you found the joke!

have a cookie.

Re:Talking to oneself (2, Insightful)

Seumas (6865) | more than 6 years ago | (#22064408)

I tried Dragon years ago and after a couple hours or so of training, it still completely sucked. Same with IBM Via Voice. Perhaps Google will help improve things with their GOOG411 service that they're using to build up a massive bank of phonetics. Otherwise, it seems like real speech recognition is never seriously going to get off the ground.

Re:Talking to oneself (4, Funny)

rucs_hack (784150) | more than 6 years ago | (#22064896)

I tried it a few years back. I stopped when my youngest, who was still learning to talk started going round the house saying 'mousegrid' all the time.

Good job he didn't get the whole thing though, which was typically.

"Mousegrid...."

"Mousegrid...."

"MOUSEGRID!!...."

"FUCKING MOUSEGRID YOU PIECE OF SHIT PROGRAM!!!"

Re:Talking to oneself (2, Funny)

alex4u2nv (869827) | more than 6 years ago | (#22064518)

Training is tough because they replaced the iListen package with iStoppedListening.

Also, its use may be weak in dictating a paper,but it's great for dictating a command.

Think about it, you could walk up to your iComputer and say "Main Screen Turn on!!"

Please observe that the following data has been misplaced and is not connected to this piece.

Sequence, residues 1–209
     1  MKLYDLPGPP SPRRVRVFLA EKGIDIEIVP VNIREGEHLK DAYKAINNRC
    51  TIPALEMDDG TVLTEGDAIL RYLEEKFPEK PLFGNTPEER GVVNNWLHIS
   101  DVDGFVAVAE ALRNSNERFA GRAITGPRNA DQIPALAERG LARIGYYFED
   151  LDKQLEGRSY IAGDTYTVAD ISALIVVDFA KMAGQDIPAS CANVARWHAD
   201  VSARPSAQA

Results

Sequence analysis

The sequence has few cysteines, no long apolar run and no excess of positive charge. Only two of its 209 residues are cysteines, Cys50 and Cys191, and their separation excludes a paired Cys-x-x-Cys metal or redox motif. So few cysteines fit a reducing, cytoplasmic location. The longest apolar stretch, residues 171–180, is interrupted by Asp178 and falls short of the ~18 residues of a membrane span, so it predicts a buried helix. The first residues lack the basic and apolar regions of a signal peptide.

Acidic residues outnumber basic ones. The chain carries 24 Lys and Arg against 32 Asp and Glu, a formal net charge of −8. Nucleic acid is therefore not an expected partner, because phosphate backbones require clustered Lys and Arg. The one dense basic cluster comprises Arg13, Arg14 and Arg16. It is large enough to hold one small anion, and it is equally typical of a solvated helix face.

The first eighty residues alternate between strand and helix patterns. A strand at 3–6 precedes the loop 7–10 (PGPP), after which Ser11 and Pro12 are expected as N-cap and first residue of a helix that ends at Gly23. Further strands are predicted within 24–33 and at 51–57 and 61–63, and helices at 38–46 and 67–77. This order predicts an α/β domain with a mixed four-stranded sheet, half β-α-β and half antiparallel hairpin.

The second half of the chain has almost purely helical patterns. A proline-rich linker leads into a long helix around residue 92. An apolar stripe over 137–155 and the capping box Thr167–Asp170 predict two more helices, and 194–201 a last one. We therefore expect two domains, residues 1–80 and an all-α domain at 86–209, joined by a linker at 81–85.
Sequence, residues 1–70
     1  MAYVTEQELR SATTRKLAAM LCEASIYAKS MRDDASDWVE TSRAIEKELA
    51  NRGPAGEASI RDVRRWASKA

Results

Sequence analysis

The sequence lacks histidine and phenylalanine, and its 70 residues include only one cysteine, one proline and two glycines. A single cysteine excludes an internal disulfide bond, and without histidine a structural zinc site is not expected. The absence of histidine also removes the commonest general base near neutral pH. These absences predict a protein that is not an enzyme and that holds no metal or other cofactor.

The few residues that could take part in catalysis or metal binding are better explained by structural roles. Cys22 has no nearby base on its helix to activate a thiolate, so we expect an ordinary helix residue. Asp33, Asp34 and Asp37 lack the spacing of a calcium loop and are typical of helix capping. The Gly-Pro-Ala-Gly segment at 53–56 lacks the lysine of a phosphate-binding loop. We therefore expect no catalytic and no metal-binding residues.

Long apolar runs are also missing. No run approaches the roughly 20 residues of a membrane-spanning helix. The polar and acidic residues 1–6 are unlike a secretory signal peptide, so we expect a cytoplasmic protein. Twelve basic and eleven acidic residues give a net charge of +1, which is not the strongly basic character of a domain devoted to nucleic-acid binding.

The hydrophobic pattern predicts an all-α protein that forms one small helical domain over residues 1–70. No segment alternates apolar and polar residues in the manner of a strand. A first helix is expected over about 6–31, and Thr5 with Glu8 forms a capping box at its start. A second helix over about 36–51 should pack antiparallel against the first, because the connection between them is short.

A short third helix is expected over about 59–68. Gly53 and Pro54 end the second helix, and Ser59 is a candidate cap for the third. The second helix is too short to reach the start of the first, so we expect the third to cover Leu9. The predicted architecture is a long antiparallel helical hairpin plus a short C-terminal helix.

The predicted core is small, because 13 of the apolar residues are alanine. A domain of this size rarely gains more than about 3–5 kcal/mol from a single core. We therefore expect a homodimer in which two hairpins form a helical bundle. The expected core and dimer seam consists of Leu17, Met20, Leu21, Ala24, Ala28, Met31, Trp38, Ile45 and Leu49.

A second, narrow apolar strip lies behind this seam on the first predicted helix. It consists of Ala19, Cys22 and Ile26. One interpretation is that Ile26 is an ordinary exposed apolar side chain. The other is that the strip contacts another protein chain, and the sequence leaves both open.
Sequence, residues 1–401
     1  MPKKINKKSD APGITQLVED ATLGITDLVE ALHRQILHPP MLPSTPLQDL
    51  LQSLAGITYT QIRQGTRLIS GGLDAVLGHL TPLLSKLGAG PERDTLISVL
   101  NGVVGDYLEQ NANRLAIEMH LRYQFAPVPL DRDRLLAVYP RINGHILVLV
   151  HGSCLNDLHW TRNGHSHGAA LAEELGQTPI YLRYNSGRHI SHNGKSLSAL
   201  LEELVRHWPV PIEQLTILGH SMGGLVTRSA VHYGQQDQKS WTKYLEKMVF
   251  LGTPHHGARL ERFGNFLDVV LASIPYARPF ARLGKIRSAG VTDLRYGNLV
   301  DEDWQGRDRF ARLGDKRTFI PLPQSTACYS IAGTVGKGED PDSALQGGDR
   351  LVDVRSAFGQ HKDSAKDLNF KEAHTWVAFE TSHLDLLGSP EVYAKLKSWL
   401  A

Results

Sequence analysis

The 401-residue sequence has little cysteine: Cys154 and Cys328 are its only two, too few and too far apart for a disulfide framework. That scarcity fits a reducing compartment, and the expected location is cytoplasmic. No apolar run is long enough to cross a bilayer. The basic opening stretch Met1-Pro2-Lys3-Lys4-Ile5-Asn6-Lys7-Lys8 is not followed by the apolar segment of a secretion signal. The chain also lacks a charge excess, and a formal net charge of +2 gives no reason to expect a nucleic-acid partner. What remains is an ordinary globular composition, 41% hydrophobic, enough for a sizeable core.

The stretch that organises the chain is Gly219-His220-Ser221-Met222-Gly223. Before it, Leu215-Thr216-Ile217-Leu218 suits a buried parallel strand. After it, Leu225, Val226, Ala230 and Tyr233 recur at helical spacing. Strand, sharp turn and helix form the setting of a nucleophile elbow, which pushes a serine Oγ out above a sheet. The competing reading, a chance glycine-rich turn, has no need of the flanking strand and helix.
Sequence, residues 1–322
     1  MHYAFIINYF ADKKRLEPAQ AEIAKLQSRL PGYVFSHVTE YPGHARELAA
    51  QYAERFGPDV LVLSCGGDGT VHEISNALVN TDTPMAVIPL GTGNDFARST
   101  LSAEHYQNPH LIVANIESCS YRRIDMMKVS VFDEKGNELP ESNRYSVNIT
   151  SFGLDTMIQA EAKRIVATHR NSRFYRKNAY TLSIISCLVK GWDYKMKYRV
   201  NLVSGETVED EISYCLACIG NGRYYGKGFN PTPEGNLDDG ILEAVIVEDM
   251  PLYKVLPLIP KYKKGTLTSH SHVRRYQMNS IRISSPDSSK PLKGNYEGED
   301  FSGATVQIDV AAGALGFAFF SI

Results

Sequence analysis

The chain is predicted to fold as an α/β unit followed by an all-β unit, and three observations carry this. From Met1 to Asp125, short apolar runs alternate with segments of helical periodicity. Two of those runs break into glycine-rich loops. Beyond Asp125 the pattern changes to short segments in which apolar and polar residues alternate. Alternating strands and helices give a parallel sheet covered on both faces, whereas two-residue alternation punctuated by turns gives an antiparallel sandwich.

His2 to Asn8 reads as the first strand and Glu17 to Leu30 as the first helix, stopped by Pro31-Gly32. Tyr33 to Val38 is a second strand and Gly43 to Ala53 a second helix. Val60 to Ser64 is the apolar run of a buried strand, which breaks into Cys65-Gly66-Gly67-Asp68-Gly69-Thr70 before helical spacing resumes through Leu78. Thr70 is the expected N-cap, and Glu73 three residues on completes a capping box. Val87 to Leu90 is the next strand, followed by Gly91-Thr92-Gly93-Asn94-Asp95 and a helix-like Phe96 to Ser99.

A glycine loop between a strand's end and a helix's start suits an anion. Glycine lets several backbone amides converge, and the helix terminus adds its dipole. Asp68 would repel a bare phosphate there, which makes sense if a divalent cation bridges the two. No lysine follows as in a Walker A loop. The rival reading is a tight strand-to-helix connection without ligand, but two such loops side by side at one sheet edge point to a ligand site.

instead of pressing the power button.

Re:Talking to oneself (2, Interesting)

rolfwind (528248) | more than 6 years ago | (#22064556)

I used it too a number of times - I probably have an accuracy rate not much better than 99% typing - I'm a clutz. But whereas fixing in middle of typing is pretty smooth and not too time consuming - Dragon makes it a chore over every little mistake.

I won't recommend "Don't use it" because it's really a personal choice - some people love it and some hate it. But I have tried 3 versions so far (including the latest)and it wasn't so much a conscious decision to stop using it as much as I just eventually stopped bothering.

I could see using it to write-up letters which is a chore Dragon is very competent once trained (not necessarily faster or even as fast as typing though) but a task I seldom engage in for extended durations.

But part of the dream of Speech Recognition is telling the computer to do this and that -- even just a simplistic version of what is in some Sci-Fi like in Star Trek -- and the computer just knows what it needs to do and does it. I'm not even talking anything as complicated as AI, just something like "look up slashdot" and it fires up the browser and goes to the site. Or while using Dragon the command won't be "Set my dentist appointment for 4:00pm Wednesday" but more like (open calendar app with mouse, put mouse on correct textbox and click) "Dentist Appointment.... Tab..... tab.... numeral 7...." (bring mouse over AM/PM selector and select PM).

This isn't something that is Dragon's fault -- I think in many years programs and OSes as well will have a number of keywords that will control them built in (if I'm not mistaken Apple has a primitive version of this but the speech recognition is crap). Dragon has great accuracy but the program is hopeless in commands and context (yes, I know it can be trained -- like a dog; a lot of effort for a few piddly tasks) and I think that's a major aspect of what many people would secretly like when they try out the program.